Empathy and a moral education dictate opportunities for the future

What is lost sometimes to each of us, including myself, in the doldrums of academics and the fun of social activities is that we, as students, are beyond lucky and fortunate to attend The University of Alabama. Our attendance here and hopeful attainment of a degree already distinguishes us from a vast majority of Americans who do not possess higher education degrees. Nationwide, only 31 percent of people hold bachelor’s degrees, while in the state of Alabama around 25 percent hold 
college degrees.

Scientific facts and religion can be harmonious

In the Oct. 26 edition of The New York Times, opinion columnist Nicholas Kristof called for America to “fix the escalator” of our broken education system. Citing data from a recent Organization for Economic Cooperation and Development study, Kristof made the case that American education is going backward. No longer the “egalitarian” beacon for education around the world, America has lost its way.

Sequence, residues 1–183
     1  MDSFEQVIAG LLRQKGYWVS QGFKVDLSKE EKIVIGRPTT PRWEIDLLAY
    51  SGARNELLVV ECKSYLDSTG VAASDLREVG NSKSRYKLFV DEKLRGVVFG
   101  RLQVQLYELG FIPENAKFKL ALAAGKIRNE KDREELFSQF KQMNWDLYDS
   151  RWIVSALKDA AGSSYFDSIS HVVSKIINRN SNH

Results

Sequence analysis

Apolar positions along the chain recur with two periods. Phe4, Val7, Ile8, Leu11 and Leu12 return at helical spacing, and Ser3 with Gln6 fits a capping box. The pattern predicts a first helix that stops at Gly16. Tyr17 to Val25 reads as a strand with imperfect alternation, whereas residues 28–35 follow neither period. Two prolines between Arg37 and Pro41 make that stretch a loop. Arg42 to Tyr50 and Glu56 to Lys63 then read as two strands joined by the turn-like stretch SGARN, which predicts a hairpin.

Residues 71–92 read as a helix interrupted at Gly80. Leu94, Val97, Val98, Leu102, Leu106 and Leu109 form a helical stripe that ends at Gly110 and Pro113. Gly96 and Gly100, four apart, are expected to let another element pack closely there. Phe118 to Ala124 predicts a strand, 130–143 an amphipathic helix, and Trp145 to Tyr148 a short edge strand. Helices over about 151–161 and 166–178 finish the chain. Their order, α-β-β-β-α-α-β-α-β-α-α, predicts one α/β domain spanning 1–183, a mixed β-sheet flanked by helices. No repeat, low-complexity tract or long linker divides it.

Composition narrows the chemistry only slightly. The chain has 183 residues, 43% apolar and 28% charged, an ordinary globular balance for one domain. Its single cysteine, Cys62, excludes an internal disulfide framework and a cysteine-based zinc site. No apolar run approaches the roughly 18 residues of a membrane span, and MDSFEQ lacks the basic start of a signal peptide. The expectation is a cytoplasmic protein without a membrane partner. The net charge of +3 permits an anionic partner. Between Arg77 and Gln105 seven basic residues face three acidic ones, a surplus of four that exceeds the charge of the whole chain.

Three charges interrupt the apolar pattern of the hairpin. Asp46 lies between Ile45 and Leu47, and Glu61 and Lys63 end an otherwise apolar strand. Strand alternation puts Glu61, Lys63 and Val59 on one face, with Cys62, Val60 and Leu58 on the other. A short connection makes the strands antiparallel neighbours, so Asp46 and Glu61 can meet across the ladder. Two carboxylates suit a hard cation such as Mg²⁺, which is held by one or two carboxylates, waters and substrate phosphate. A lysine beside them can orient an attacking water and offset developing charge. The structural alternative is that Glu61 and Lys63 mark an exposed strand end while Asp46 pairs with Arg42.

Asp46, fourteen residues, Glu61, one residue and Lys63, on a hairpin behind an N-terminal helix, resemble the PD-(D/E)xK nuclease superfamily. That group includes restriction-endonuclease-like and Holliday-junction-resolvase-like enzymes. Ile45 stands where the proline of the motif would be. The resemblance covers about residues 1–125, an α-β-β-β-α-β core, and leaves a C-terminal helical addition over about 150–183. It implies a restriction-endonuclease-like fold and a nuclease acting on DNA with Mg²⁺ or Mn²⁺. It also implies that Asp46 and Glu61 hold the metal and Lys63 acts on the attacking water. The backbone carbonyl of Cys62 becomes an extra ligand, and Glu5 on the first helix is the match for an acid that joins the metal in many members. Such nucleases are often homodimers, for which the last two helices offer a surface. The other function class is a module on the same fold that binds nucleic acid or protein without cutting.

Say it right: The words we choose to use can have a huge impact

In one of my Thursday classes last week, a pair of students representing their small group gave a short presentation on the connections between the LGBTQ community, homelessness, food insecurity and mental health. For a presentation that could only be three slides long and that nobody in the group had any previous experience with or knowledge of, it was a decent one.

Zulfacar discovers Life

Maliha Zulfacar was born in 1961 in poverty-stricken, war-torn Kabul, Afghanistan. Against all odds, Zulfacar went on to become the first Afghan woman to seek a college education in the United States and the first female ambassador from Afghanistan.